SK: It's kind of like when I'm on my sort of lunch time here in my studio, I sometimes watch Morning Joe, and just get a gist of what's going on in the United States whilst I'm far, far away. And, for the longest time, no journalist in the US media would really pick up the word fascism or fascist in regards to Trump. I'm like, come on man, how can you not see this? You know? And then hence, Deja vu was already kind of like on the map there. Then all of a sudden, now, Morning Joe, it's all fascist, fascism and the fascist word is Joe Scarborough's favorite word nowadays. And he uses it at least 17 times every morning. And so then, I kind of wanted to have this sort of dubby-ness, this sort of reggae-ish type of thing, and I thought, how could I really juxtaposition this? How about some yodeling in there? So, I dug around for some yodeling stuff, and then I found all these hillbilly kind of things, you know? Like documentaries on hillbillys and just ass backward people. So I put a little bit of that in there, and this one guy was saying something about, "Lighting the fire and deja vu all over again!" Like every time deja vu was used somewhere, it kept throwing itself at me. So yeah, that's how the song was born. Little reggae, little yodeling, a little hillbilly shit, a little Andrew Clyde- who must be literally one of the dumbest assholes on the fucking song. I mean, I don't know him personally, but he strikes me that way.
mxdwn: No, I'd have to say after saying something like, well, exactly what you quoted in your song, it's hard not to look at that and think a bit dumb.
SK: Right? And then, Trump is saying, "Oh, the love in the air! You know, it's unbelievable. Unbelievable!" I just hear that guy's voice and I get sick nowadays. It's just like, God, man, why do they give him all this fucking air time? You know? Just, stop talking about him and he'll go away. Because all he wants is the attention. Anyway, I don't know if you agree with me on Trump, but I don't care.
mxdwn: Oh, like 5000%! A lot of people feel like there's been a lot of political regression the last several years since around 2016 when he was, you know, coincidentally elected. Especially in regards to oppression, and violence against others, and like you said, fascism. And you've been making music in this sphere for such a long time, can you give your point of view on how accurate that is? Do you feel like we're going backwards?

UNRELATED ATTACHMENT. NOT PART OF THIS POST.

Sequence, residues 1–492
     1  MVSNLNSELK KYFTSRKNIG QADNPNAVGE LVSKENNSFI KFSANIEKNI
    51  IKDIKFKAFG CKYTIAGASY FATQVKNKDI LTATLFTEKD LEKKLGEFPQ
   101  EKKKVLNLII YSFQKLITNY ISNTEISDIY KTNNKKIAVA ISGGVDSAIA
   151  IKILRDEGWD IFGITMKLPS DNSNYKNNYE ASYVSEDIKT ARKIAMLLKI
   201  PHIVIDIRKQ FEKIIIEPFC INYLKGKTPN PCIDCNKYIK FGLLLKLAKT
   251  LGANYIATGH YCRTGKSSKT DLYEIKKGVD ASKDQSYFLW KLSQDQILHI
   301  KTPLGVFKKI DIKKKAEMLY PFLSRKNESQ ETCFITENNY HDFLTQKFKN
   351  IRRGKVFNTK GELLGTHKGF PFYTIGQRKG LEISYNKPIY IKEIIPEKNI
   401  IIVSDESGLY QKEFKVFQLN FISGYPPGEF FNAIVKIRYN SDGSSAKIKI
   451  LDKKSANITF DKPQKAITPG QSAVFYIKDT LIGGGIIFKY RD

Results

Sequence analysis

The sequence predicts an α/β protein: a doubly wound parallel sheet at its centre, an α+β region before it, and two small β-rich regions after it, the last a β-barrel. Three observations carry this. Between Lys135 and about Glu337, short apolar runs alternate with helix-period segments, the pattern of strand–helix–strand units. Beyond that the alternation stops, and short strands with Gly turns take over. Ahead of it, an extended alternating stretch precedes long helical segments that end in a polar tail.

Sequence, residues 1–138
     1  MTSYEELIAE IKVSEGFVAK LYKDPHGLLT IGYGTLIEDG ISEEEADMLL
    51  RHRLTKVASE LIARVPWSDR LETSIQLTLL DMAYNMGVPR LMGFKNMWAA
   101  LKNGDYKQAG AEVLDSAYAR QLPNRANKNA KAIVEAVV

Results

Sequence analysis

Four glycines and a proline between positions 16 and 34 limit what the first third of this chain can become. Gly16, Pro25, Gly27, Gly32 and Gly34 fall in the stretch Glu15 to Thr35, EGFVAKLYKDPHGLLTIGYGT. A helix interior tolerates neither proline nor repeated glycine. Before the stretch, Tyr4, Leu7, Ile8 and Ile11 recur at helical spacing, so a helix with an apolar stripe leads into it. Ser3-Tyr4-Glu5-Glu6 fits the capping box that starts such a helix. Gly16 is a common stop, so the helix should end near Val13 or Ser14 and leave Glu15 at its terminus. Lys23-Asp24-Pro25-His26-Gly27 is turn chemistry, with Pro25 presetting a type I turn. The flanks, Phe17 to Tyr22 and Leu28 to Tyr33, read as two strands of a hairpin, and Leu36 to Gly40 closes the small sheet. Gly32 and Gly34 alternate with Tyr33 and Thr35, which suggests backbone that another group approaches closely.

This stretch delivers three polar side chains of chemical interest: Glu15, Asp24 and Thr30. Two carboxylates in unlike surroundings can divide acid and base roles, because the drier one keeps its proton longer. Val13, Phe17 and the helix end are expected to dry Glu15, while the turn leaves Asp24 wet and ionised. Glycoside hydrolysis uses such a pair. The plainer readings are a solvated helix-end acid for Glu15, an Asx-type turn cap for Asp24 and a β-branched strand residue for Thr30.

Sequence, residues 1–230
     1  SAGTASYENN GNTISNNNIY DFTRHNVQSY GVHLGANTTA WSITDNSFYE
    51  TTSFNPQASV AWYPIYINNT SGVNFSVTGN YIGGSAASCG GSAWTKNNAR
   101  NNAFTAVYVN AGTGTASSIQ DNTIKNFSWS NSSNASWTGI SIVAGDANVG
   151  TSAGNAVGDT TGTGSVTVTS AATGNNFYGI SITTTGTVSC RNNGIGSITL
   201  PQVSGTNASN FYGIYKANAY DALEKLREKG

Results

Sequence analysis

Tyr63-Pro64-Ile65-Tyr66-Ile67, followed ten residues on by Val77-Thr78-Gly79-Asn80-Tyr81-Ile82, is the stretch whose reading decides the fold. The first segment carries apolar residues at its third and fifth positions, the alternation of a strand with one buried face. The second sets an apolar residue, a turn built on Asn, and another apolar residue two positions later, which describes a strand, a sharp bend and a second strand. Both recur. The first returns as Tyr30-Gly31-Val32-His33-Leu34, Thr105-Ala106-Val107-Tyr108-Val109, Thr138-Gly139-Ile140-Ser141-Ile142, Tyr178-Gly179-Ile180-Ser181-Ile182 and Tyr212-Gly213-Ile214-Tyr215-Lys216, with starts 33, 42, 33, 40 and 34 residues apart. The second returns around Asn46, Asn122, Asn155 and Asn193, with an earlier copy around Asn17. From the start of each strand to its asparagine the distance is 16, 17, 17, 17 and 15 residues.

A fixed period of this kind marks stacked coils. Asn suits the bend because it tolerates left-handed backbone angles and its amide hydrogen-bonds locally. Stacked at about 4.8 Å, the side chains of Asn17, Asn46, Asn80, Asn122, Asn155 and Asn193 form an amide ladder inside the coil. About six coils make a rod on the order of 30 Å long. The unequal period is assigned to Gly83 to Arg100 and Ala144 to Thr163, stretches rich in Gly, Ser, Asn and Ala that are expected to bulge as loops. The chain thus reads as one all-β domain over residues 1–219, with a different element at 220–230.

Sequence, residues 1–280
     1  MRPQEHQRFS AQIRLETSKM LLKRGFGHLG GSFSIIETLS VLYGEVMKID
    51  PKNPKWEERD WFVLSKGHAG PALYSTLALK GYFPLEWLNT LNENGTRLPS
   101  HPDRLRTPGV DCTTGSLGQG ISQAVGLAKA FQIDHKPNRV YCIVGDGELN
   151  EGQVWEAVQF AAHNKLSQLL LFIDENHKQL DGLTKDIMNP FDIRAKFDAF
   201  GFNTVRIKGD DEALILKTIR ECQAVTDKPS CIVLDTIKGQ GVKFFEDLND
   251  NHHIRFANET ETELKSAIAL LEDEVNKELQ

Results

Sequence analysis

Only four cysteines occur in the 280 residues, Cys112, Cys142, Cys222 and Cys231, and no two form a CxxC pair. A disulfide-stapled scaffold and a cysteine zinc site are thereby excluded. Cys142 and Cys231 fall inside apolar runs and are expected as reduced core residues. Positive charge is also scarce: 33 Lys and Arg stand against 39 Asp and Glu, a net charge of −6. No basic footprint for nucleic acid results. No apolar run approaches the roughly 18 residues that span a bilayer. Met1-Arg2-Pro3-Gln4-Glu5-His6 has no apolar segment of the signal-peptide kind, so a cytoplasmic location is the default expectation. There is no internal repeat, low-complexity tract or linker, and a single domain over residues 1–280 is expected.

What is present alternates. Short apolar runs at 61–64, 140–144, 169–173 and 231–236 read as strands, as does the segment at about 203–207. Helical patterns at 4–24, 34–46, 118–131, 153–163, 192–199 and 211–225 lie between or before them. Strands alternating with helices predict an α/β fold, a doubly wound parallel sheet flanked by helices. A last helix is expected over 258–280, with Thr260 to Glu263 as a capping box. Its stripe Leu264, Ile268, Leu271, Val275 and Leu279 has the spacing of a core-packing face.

SK: Well, I mean, things always come around to be accurate at some point in time. So I'm not really too worried about that. Even if I'm wrong now, I'm gonna be right in two years from now, or five, or 10, or 20. So, that doesn't really make a difference. I don't know. We recorded a song called, "World War Three," in 2003. Now we are entering- well no, now we are actually in World War Three now. This is World War Three. This is a war that was envisioned to happen, to go down at some point. Exactly in the way it is going down now. It's a war about energy, it's about territory, it's about clean water, it's about climate catastrophes, and here we go. It's a self-fulfilling prophecy. And anyone that looks at things with a bit of historical minding and a bit of, sort of general understanding can see that things have to happen this way because it is inevitable. Humankind is not going to save itself. We're going to just go full on head crash like Calvin and Hobbs on the toboggan into our doom. You know, that's the way.
mxdwn: Do you feel like we've kind of gone backwards to get down to this point, or do you think we've been building up to this point?
SK: I think we're just going down. We're just sort of putting our heads in the sand and just pretending that all of this is not happening. And I happen to have a teenage daughter, she's going to be 15 soon. And I say to her, look, man, we have to conserve energy. Not only because it costs a fortune to heat the big old house that we live in, but, for the future of the planet. She says, dad, fuck the future of the planet. It's way too late. This is the end. I'm like, how can you be so doomy? She goes like, everybody is. I had no idea that young people are looking at it already in a sort of that defeatist type of way, but apparently they do. Which is even more alarming. For me, I might have another 10, maybe 20 years on this planet and then that'll be that for me. But, she's 15. I hope she lives to a ripe old age and has many grandchildren and whatnot. And she was like, how can you put children in this world? Why did you even have me? These are things that give me a lot of pause, really when I think about it.
mxdwn: I had a question in that regard too, which was based in the song, "Diluted, Desperate, Dangerous and Dumb," you asked, "How did so many become so numb?" And I know a lot of people, like your daughter, that have just been feeling kind of numb. Because it feels like a constant onslaught of horrible events and bad news last several years. I've seen it joked about online, how it's kind of like the scene in the movie Hercules, where the people of Thebes are like, oh, was the fire before the earthquake or after the flood? Do you have advice to try to overcome and avoid that feeling of numbness through all of these awful events that we're starting to feel accustomed to?